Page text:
posted by Monday, stony Monday at 3:47 PM on January 22, 2013 [1 favorite]

What you REALLY want for the Lepai, though it takes some hunting down, is a 2.66A/13.5V power supply. The amp can handle between 12V and 15V, but in my experience, 13.5V is the sweet spot, giving it oomph without risking overloading it.

I bought my power supply here: http://www.advpower.com/
Here's what I got, specifically:
13.5V @ 2.66A power supply
with a 2.1 x 5.5 x 9.5MM output DC
MODEL: A1-36SG135-V /2.1

They don't sell them individually, so I had to buy two (which was the smallest order they'd take). Also, remember, it's just a power supply, meaning it doesn't come with a power cord, but you can buy that too. I have a bunch of left over cords from old computer gear. This power supply takes the same sort of cord you plug into your Mac or PC.

Most places that sell the Lepai with a power supply included send it with a generic 2A/12V power supply. That'll work, but the one I bought gives it more power, which equates to more oomph. Whatever you do, you DON'T want to go overboard. Some people use 14.5V and even 15V power supplies, but they also usually tear the amp apart and replace the inner components (these amps are pretty popular with the DIY crowd).
posted by 2oh1 at 4:33 PM on January 22, 2013 [1 favorite]

I was just checking some online reviews of the 80-dollar turntable that mentioned audible wow and flutter, which would be a dealbreaker for me. I'm skeptical of any new turntable at that price. You could get something decent used, but it's not easy to know what's worth buying and what isn't, in the used market. If you start collecting vinyl records, you'll have more money tied up in the collection than in the player, so it makes sense to get something that treats your records well. My advice is to wait until you have a couple hundred to spend on a new one, or find an expert to take along shopping for something used.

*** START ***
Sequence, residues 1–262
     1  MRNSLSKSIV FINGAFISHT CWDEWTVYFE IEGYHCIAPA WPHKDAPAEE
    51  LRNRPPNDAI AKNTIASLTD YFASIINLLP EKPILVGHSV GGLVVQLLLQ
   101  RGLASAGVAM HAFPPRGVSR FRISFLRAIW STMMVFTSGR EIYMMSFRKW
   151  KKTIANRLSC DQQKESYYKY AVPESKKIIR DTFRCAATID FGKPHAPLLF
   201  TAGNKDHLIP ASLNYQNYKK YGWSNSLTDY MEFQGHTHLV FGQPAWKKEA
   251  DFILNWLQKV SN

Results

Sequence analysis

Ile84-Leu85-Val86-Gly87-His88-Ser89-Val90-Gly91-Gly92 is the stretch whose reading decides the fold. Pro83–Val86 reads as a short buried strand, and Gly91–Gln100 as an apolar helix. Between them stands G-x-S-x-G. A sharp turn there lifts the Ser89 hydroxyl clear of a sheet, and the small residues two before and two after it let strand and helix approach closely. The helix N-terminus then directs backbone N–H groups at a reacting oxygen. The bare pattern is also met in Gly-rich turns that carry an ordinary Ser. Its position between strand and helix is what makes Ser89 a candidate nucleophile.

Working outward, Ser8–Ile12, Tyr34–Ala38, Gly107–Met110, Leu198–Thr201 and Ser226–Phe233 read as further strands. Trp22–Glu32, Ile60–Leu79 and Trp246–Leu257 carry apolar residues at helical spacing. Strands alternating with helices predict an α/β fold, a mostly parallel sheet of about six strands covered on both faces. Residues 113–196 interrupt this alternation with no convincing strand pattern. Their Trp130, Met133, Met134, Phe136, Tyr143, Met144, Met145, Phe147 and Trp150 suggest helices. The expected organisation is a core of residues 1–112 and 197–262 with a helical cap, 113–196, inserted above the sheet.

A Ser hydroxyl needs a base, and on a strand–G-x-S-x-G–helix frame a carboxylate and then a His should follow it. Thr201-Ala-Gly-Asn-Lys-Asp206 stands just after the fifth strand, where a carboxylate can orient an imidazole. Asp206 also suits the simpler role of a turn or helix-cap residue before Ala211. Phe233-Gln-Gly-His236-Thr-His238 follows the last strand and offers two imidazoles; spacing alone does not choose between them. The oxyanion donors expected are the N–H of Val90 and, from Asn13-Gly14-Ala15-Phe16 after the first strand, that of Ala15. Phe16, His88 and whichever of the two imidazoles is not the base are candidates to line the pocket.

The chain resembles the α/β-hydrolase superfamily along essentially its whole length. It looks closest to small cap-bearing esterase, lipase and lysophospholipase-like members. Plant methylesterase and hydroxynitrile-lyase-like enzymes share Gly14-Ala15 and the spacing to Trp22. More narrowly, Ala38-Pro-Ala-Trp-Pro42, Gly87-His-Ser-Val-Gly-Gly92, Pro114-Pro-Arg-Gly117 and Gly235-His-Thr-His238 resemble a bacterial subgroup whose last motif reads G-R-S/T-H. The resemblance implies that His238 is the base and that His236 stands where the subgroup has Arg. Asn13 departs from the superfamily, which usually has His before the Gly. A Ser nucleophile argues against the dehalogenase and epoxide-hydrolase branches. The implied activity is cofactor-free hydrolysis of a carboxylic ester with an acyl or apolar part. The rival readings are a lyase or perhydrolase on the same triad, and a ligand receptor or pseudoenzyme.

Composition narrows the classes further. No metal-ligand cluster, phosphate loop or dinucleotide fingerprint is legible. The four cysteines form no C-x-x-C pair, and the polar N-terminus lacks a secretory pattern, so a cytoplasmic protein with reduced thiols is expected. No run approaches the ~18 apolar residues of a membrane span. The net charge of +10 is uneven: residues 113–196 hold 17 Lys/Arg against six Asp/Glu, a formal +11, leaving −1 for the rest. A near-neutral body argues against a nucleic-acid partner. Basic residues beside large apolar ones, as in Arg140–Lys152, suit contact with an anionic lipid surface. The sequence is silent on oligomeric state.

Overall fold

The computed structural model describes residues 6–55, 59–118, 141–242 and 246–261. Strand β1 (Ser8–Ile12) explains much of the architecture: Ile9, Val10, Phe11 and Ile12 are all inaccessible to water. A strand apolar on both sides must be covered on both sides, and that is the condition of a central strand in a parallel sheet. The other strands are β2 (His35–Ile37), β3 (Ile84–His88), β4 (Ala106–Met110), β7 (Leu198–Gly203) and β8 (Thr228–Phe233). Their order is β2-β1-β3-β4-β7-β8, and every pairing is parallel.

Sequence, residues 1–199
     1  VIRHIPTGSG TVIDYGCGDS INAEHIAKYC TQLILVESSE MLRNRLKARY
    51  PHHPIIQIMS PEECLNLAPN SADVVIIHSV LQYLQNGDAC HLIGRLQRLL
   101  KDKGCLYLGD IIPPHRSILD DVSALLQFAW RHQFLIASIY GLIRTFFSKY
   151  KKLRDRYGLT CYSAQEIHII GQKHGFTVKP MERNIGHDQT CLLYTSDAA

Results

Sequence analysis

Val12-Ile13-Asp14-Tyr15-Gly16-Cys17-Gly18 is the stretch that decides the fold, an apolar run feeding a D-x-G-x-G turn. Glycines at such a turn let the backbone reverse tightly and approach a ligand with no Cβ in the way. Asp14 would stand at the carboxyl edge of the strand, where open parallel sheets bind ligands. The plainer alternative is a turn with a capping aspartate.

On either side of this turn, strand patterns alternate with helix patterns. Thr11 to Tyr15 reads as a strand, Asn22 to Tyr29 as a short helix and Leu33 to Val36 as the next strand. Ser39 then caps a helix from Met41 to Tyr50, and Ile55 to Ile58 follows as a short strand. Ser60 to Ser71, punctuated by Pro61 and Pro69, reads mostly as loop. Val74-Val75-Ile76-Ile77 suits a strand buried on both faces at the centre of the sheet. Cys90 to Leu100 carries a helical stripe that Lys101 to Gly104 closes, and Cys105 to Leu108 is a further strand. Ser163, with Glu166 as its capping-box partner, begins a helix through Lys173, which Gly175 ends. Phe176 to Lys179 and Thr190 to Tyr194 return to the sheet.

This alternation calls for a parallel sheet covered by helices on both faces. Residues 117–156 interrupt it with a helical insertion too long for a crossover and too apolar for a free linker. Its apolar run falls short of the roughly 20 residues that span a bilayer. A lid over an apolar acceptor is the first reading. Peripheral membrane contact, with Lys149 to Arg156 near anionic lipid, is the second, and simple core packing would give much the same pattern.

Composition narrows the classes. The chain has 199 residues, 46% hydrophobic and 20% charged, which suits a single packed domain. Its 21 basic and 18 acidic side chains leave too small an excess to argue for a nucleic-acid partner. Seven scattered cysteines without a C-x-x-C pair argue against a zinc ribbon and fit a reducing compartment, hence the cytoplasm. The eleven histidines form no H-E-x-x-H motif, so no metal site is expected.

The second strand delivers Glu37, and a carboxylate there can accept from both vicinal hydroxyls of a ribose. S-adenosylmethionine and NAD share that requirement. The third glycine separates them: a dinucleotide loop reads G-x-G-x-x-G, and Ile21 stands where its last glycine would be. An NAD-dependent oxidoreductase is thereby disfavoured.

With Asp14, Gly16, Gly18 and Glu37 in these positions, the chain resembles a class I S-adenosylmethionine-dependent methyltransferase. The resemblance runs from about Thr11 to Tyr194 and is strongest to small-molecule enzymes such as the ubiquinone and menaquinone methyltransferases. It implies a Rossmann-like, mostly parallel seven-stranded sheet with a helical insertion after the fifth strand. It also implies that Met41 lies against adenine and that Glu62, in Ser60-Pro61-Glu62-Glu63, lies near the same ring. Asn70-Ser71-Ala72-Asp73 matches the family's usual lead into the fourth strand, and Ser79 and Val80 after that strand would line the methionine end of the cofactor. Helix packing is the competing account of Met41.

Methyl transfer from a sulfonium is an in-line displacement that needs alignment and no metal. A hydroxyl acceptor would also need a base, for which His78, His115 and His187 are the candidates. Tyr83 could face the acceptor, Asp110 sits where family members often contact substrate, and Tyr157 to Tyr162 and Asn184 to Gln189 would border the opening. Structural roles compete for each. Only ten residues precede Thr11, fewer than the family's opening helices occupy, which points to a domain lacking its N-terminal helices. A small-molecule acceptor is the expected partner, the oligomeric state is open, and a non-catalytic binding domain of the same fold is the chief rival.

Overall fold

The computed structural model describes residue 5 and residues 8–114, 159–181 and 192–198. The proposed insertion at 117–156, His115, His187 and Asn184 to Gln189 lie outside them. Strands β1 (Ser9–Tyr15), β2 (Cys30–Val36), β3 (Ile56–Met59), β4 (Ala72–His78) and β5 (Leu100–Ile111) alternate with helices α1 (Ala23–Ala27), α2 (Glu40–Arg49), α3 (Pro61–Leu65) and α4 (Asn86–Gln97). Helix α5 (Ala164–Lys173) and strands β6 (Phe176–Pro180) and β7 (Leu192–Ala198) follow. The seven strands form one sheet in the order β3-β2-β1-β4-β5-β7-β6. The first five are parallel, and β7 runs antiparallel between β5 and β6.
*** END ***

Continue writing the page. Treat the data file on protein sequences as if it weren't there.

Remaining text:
The best reference record, whether analog or digital, is maybe not the one that's a spectacular recording, but something you've spent a lot of hours listening to. On vinyl I'd go with the Beatles white album, just because I've been listening to it since it was new.
posted by in278s at 7:03 PM on January 22, 2013 [2 favorites]

in278s said: "The best reference record, whether analog or digital, is maybe not the one that's a spectacular recording, but something you've spent a lot of hours listening to."


The better you know it, the better you'll know what you're really hearing - and what you're not hearing.
posted by 2oh1 at 9:13 PM on January 23, 2013

Response by poster: Thanks all.

As a follow-up, I picked up a pair of these Sony floorstanding speakers at Fry's Electronics for $100 (!)

I'm still checking craigslist for a good turntable deal and I'll update this when I find it.

Thanks again all!
posted by lattiboy at 9:24 AM on January 28, 2013

Dual (brand) turntables are good used buys if you spot one. (That whole Best Turntables site is useful.)

Technics 1200s have been discontinued. If you want something decent and cheap, you can buy a refurbed Technics belt drive with a preamp from KAB for $200. More info. KAB has done well by me in the past.
posted by snuffleupagus at 9:01 PM on January 29, 2013